A recent study by Davies et al. sought to test whether winter grazing could reduce wildfire size, fire behaviour and intensity metrics, and fire-induced plant mortality in shrub-grasslands. The authors concluded that ungrazed rangelands may experience...
Most landscape-scale fire severity research relies on correlations between field measures of fire effects and relatively simple spectral reflectance indices that are not direct measures of heat output or changes in plant physiology. Although many...
The International Association of Wildland Fire would like to invite you to participate, either as a mentor or mentee, in their Mentoring Program.
For more information on the program and how to apply, visit the link below.
Urban WildF.I.R.E. (Fire Integrative Research Experience) is an intensive, interdisciplinary workshop that provides experiential learning at the intersection between urban forestry and wildland fire. This workshop is a collaborative effort between Michigan State University, Tennessee State University, and the US Forest Service.
Eligible applicants for Urban WildF.I.R.E. include students currently enrolled in an undergraduate or master’s degree-granting program at an accredited US college or university. Traditionally underrepresented students majoring in forestry, environmental science, natural resource management, or related fields, and those pursuing degrees at 1890 and 1994 Land-grant institutions are strongly encouraged to apply.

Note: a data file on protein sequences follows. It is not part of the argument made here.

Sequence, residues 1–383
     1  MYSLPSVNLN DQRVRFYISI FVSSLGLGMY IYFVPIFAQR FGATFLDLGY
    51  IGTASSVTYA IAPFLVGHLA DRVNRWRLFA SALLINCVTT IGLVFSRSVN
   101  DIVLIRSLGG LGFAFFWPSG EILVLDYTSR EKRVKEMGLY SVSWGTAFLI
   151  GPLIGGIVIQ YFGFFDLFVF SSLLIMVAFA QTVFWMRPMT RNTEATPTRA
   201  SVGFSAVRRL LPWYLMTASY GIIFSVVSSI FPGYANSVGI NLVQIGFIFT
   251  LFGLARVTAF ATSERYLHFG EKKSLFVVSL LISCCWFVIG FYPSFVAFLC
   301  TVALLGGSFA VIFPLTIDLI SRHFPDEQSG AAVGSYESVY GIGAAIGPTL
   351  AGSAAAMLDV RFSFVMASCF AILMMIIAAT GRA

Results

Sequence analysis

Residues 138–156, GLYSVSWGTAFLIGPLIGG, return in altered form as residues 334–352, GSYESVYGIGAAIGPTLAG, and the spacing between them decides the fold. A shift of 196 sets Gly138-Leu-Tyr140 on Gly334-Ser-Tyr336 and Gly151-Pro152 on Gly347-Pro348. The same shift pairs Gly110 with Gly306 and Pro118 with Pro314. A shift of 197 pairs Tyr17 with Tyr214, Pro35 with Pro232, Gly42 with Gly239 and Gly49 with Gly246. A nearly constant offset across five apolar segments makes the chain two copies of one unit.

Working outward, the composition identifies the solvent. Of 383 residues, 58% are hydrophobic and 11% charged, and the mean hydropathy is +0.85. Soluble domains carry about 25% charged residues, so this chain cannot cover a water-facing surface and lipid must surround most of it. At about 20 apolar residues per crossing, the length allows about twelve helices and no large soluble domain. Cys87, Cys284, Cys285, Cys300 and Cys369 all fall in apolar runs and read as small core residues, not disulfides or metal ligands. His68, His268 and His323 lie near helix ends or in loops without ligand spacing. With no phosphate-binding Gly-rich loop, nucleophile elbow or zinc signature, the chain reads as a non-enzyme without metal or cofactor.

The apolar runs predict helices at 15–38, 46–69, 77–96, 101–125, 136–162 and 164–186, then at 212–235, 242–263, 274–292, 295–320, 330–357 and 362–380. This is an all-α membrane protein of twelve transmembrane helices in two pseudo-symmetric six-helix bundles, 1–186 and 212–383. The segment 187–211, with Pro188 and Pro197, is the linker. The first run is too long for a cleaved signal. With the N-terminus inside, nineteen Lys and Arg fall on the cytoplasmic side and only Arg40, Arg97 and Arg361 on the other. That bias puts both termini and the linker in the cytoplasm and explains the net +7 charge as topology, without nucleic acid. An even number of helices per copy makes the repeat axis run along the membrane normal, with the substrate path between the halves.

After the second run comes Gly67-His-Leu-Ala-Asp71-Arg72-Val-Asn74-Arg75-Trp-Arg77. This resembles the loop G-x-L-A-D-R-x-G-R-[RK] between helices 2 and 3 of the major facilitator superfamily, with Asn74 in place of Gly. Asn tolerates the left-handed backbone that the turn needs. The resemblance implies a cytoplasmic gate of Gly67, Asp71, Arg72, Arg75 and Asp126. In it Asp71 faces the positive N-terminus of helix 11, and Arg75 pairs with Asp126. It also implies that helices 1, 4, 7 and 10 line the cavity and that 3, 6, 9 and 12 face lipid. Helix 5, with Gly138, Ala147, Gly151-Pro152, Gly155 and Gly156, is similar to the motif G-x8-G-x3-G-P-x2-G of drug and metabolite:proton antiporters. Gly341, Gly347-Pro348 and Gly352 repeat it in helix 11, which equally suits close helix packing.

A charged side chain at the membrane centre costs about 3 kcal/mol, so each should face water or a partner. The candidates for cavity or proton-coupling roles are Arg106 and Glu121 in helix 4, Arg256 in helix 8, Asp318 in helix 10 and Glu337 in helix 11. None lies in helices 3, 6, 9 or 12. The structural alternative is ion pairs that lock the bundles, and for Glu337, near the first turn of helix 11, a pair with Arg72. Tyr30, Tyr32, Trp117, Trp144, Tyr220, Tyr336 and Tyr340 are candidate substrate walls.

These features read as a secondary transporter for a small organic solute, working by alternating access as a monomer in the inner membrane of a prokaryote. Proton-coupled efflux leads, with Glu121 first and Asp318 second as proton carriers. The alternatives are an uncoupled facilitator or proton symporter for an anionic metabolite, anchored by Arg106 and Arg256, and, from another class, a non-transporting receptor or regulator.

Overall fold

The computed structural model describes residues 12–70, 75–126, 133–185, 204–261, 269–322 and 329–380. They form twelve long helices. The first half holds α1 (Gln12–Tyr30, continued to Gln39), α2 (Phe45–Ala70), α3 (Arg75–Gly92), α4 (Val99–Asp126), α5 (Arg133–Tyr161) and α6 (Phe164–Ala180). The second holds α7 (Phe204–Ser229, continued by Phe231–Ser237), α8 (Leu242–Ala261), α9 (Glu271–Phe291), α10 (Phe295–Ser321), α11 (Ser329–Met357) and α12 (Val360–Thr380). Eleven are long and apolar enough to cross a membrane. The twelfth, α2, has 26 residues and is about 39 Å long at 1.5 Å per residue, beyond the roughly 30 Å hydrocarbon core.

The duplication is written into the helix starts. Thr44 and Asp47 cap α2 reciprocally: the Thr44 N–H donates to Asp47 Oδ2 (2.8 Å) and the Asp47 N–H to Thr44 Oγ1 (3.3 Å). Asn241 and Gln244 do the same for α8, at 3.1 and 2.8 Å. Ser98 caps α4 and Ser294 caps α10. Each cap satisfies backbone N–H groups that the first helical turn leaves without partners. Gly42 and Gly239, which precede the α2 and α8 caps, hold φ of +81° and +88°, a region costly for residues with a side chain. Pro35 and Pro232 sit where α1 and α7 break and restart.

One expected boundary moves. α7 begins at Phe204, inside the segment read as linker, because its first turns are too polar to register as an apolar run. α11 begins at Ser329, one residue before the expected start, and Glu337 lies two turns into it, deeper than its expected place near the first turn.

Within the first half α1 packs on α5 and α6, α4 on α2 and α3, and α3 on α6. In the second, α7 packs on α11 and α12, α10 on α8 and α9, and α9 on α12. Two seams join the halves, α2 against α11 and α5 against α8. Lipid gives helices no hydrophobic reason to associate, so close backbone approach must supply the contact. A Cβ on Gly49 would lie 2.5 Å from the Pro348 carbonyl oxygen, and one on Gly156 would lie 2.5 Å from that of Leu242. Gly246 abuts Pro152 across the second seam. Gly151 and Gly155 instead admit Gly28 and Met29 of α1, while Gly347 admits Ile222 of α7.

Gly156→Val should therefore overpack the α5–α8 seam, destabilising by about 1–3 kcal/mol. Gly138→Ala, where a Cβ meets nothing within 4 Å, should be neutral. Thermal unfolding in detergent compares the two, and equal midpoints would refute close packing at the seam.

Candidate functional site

***All costs for airfare to and from the workshop in Michigan, in addition to all lodging expenses, will be covered for each workshop attendee.***
All applications must be submitted by 11:59pm PST, February 7, 2020.
Please help the Southwest Fire Science Consortium evaluate their impact on the fire community. Have they affected how you interact with your science and/or management colleagues or how you use or share science?
Follow the link below below and complete a short survey!
The Wilderness Fellows Program is a collaborative of the Society for Wilderness Stewardship (SWS), the Aldo Leopold Wilderness Research Institute, and the US Forest Service. It was created in order to complete Wilderness Character Baseline Assessments. The Wilderness Fellow Program is seeking qualified candidates to fill Wilderness Fellow positions. Fellows are based in locations around the country, with a significant amount of travel within their base region. Work is roughly 80% office-based and 20% field-based and is performed at USFS offices to directly support the goals of a collaborative wilderness character monitoring initiative currently underway in the USFS. Primary Wilderness Fellow Responsibilities:
- Attend one-week training in Granby, Colorado (travel provided).
- Work out of remote USFS locations, residing in USFS housing.
- Coordinate meetings with USFS resource specialists and line officers to gather information regarding wilderness character.
- Research, compile,and analyze legislative and administrative historical data per wilderness area.
- Travel to and into wilderness areas.
- Select indicators relevant for each wilderness area to monitor wilderness character over time.